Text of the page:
1921
Volume 46, Issue 6
  • ISSN: 0002-9637
  • E-ISSN: 1476-1645
USD

Abstract

Abstract

An outbreak of classical dengue fever occurred from March to August 1988 in the city of Taxco, Guerrero State, Mexico. Taxco is at an elevation of 1,700 meters above sea level, and this study represents the highest altitude at which an outbreak of dengue has been documented. An investigation was conducted to obtain serologic confirmation of dengue infection, determine the extent of the outbreak, and identify risk factors for dengue illness. Toxorhynchites cell lines were used for viral isolation, and hemagglutination inhibition was used to measure anti-dengue antibody titers. The case definition used in the investigation was any person with fever, headache, myalgias, and arthralgias, or rash or retroocular pain. Dengue virus type 1 was isolated from five acute cases. Of 1,686 persons living in the affected area, 42% (715) met the case definition. Large (200-liter) water containers were significantly associated with infection (relative risk = 1.7, 95% confidence interval 1.5–1.9). The effect of altitude on epidemic transmission is most likely modulated by seasonal temperatures. The epidemiologic and serologic confirmation of a dengue outbreak at 1,700 meters above sea level represents the capability of to adapt to new environments, and the potential for epidemic spread in cities at comparable altitudes or higher.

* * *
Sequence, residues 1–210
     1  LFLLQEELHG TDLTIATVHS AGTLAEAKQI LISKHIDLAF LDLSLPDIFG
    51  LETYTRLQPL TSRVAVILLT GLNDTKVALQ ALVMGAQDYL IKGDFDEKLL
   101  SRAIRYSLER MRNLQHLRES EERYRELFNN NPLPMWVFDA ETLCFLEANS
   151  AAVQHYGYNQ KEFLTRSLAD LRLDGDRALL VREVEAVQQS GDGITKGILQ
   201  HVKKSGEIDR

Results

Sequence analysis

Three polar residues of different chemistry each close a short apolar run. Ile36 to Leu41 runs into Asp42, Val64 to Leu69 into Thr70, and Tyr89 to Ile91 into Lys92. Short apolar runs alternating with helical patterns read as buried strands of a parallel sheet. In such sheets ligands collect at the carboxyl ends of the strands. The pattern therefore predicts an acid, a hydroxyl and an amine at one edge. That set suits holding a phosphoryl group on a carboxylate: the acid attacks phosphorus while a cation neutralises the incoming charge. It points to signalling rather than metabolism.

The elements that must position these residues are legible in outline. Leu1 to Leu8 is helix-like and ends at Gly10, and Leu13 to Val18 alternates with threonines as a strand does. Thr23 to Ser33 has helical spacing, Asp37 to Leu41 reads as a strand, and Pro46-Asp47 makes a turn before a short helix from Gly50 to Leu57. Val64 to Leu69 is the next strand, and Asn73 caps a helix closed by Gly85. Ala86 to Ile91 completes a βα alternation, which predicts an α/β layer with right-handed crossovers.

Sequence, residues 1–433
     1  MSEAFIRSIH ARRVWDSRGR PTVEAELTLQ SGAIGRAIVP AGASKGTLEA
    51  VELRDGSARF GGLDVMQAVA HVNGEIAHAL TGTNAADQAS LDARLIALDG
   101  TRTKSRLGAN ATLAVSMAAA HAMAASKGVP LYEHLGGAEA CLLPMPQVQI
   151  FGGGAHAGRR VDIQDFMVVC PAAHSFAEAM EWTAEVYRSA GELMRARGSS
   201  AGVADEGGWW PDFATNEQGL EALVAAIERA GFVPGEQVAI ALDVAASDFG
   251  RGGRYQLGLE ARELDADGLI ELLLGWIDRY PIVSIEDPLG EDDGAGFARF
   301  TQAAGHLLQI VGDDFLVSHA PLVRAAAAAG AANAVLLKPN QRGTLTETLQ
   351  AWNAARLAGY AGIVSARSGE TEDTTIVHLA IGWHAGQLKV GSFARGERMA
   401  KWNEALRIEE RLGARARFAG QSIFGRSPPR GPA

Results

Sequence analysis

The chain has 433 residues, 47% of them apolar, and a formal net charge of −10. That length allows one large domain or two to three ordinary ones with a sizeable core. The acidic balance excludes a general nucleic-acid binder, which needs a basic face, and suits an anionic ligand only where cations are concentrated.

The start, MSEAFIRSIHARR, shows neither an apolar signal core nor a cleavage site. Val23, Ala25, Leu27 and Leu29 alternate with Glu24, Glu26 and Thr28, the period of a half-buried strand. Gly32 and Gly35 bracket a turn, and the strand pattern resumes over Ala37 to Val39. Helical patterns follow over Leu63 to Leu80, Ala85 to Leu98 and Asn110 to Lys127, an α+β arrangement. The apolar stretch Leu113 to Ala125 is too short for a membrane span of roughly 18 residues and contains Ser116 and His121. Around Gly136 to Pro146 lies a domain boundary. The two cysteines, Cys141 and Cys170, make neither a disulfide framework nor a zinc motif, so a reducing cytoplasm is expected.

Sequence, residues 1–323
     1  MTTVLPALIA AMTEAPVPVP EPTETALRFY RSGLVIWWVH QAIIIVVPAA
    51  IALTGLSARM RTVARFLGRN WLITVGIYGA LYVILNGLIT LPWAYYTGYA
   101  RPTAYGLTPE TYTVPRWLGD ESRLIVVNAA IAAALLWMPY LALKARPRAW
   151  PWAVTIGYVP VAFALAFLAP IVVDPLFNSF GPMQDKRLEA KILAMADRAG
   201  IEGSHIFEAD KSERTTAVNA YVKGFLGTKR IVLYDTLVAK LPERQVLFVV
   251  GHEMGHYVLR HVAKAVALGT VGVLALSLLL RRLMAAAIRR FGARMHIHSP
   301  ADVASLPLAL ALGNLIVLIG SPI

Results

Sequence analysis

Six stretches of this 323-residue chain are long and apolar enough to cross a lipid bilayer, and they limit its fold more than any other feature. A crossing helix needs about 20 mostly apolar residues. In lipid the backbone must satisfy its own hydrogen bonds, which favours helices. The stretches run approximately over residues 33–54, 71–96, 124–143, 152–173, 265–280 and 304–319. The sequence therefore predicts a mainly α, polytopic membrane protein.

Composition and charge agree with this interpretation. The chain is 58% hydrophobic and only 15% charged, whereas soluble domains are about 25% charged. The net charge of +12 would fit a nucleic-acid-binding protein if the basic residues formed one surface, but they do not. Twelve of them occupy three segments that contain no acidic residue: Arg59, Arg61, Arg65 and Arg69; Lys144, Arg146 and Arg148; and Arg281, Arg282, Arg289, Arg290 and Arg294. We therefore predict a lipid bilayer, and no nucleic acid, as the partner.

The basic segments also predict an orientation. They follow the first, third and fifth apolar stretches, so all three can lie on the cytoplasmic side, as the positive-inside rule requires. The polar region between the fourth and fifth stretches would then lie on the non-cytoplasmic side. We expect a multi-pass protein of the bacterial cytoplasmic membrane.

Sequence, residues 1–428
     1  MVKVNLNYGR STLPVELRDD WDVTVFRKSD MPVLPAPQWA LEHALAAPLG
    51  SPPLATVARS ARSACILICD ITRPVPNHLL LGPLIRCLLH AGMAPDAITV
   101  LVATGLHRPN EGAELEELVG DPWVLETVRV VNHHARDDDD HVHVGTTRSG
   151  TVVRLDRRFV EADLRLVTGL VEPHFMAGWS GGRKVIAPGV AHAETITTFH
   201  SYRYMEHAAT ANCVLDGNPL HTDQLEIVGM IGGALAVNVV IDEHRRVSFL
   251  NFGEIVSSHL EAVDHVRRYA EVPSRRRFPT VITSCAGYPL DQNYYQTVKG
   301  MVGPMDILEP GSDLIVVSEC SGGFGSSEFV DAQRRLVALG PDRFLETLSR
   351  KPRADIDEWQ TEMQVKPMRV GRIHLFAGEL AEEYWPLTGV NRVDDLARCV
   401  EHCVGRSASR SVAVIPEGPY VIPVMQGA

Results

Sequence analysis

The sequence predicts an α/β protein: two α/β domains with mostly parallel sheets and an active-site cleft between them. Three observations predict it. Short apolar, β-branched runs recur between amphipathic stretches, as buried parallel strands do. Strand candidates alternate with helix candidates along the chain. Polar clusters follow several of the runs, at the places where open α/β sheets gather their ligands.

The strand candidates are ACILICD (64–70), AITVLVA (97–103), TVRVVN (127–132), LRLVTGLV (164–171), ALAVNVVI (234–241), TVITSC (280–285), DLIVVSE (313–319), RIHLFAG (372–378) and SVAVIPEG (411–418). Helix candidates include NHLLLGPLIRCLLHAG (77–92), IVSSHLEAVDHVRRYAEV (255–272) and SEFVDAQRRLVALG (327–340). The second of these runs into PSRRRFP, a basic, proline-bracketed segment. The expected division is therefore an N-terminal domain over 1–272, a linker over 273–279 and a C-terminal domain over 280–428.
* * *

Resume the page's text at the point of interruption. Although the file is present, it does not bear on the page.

Loading

Article metrics loading...

/content/journals/10.4269/ajtmh.1992.46.649
1992-06-01
2017-09-23
Loading full text...

Full text loading...

http://instance.metastore.ingenta.com/content/journals/10.4269/ajtmh.1992.46.649
Loading

Most Cited This Month

This is a required field
Please enter a valid email address
Approval was a Success
Invalid data
An Error Occurred
Approval was partially successful, following selected items could not be processed due to error